1660s, "posture or position of a figure in a statue or painting," via French attitude (17c.), from Italian attitudine "disposition, posture," also "aptness, promptitude," from Late Latin aptitudinem (nominative aptitudo; see aptitude, which is its doublet).
Originally 17c. a technical term in art; later generalized to "a posture of the body supposed to imply some mental state" (1725). Sense of "a settled behavior reflecting feeling or opinion" is by 1837. Meaning "habitual mode of regarding" is short for attitude of mind (1757). Connotations of "antagonistic and uncooperative" developed by 1962 in slang.
Attitude is generally studied for the sake of looking graceful ; hence it is sometimes affected, the practice of it being then called attitudinizing. An attitude is often taken intentionally for the purpose of imitation or exemplification ; generally attitude is more artistic than posture. [Century Dictionary]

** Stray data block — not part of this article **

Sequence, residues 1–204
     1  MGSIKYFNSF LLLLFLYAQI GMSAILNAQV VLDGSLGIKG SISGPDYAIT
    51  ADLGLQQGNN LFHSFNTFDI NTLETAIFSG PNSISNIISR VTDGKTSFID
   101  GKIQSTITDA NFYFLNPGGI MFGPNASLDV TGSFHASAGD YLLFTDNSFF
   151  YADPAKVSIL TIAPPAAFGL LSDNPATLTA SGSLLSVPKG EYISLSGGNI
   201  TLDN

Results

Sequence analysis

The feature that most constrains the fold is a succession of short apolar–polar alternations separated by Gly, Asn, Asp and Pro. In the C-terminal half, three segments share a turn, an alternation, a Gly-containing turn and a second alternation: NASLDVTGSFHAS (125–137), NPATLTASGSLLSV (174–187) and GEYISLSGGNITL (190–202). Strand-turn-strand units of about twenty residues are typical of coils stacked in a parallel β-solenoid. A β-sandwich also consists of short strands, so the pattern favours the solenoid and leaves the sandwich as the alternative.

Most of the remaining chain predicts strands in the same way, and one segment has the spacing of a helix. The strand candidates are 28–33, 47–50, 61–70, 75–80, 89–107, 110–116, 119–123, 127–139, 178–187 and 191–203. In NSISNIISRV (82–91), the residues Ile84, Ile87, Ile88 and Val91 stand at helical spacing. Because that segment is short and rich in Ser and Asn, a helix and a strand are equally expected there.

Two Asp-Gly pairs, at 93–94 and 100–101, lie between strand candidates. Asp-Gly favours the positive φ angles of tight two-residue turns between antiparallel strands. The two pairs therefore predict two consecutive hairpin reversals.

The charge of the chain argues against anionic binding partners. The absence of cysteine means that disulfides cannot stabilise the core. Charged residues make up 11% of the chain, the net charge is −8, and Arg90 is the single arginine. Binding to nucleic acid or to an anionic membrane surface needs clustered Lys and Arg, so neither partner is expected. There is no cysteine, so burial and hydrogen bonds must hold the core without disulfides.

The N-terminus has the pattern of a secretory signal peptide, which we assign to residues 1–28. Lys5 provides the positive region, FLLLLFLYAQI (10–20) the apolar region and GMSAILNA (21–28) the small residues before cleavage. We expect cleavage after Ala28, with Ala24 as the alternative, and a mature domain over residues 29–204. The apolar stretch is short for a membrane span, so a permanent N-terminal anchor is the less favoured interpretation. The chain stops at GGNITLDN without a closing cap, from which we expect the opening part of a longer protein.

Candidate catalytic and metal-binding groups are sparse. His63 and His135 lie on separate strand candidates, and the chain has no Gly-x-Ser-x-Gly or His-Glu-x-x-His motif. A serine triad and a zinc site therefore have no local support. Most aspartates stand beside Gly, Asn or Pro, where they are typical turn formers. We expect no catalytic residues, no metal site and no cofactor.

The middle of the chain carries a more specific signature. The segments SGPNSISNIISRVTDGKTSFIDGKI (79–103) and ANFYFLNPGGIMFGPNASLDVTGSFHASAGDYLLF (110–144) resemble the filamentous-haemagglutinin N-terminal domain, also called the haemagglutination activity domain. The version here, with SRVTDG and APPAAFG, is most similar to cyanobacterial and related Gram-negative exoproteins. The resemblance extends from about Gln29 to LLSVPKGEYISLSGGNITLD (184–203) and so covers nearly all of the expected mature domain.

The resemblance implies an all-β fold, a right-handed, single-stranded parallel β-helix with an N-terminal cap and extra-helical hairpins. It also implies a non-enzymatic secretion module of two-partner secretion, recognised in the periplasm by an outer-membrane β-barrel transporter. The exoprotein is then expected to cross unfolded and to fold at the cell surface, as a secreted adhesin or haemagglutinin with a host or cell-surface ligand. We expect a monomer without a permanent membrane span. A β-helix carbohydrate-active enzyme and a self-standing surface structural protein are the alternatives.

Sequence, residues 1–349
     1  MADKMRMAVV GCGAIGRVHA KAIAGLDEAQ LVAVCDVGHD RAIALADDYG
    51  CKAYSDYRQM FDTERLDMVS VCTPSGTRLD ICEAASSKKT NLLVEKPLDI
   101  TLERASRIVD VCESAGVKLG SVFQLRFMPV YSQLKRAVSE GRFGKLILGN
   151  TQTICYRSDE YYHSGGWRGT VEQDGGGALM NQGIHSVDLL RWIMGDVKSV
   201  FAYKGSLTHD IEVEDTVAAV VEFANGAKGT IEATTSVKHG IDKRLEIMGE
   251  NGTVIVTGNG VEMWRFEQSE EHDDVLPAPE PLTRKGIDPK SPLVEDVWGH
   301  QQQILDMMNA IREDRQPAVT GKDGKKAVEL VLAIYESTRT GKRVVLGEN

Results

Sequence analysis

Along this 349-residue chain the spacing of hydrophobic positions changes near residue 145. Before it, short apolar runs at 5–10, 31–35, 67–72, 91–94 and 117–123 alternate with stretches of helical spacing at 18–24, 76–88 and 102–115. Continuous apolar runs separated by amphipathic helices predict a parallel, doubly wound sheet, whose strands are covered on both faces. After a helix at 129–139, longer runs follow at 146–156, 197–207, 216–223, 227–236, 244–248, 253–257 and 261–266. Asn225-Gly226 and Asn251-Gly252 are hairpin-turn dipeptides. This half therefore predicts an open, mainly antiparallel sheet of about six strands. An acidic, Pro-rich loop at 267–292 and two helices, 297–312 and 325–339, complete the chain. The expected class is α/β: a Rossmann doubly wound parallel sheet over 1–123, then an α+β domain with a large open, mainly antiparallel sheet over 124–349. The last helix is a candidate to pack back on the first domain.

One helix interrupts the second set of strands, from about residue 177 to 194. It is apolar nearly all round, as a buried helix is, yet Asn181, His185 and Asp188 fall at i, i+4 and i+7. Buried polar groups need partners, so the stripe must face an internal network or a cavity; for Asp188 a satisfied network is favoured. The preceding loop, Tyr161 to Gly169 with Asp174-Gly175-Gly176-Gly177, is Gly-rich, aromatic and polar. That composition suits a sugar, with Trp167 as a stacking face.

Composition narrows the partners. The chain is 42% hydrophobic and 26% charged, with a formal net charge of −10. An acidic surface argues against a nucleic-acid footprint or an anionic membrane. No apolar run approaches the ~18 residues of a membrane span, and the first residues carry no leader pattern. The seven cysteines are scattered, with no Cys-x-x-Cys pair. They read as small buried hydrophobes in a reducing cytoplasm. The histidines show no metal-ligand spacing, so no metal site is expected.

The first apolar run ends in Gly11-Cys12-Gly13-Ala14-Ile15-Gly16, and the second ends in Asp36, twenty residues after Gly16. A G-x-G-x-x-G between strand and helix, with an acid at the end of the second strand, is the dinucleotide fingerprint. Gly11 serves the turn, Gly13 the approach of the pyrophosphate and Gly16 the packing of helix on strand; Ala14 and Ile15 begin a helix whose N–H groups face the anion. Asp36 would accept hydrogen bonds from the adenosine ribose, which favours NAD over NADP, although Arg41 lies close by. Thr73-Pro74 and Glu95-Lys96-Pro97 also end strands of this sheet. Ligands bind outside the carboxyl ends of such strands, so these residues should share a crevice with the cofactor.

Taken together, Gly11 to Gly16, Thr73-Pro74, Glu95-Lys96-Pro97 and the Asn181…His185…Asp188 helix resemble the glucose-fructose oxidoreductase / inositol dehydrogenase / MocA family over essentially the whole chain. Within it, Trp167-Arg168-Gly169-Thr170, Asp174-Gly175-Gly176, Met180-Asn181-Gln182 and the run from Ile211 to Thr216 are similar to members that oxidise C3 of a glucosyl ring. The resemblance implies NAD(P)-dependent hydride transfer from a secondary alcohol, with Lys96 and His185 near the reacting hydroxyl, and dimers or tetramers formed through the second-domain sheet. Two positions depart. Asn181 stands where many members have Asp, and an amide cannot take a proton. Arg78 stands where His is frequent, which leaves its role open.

"act of posing the body; attitude, position, whether taken naturally or assumed for effect," 1818, from pose (v.1), in a sense developed in the French cognate. Figuratively, "attitude of mind or conduct," from 1884. Earlier in English it meant "something deposited, a pledge" (mid-15c., from Old French pose, past participle of poser), hence "a secret hoard or treasure."
"one who practices an affected attitude," 1881, agent noun from pose (v.1); revived in teenager slang by 1983.
figurative for a puritan attitude toward the arts at least since Shaw (1916), from the name of Girolamo Savonarola (1452-1498), Dominican monk famous for his fierce opposition to moral licence and Church corruption.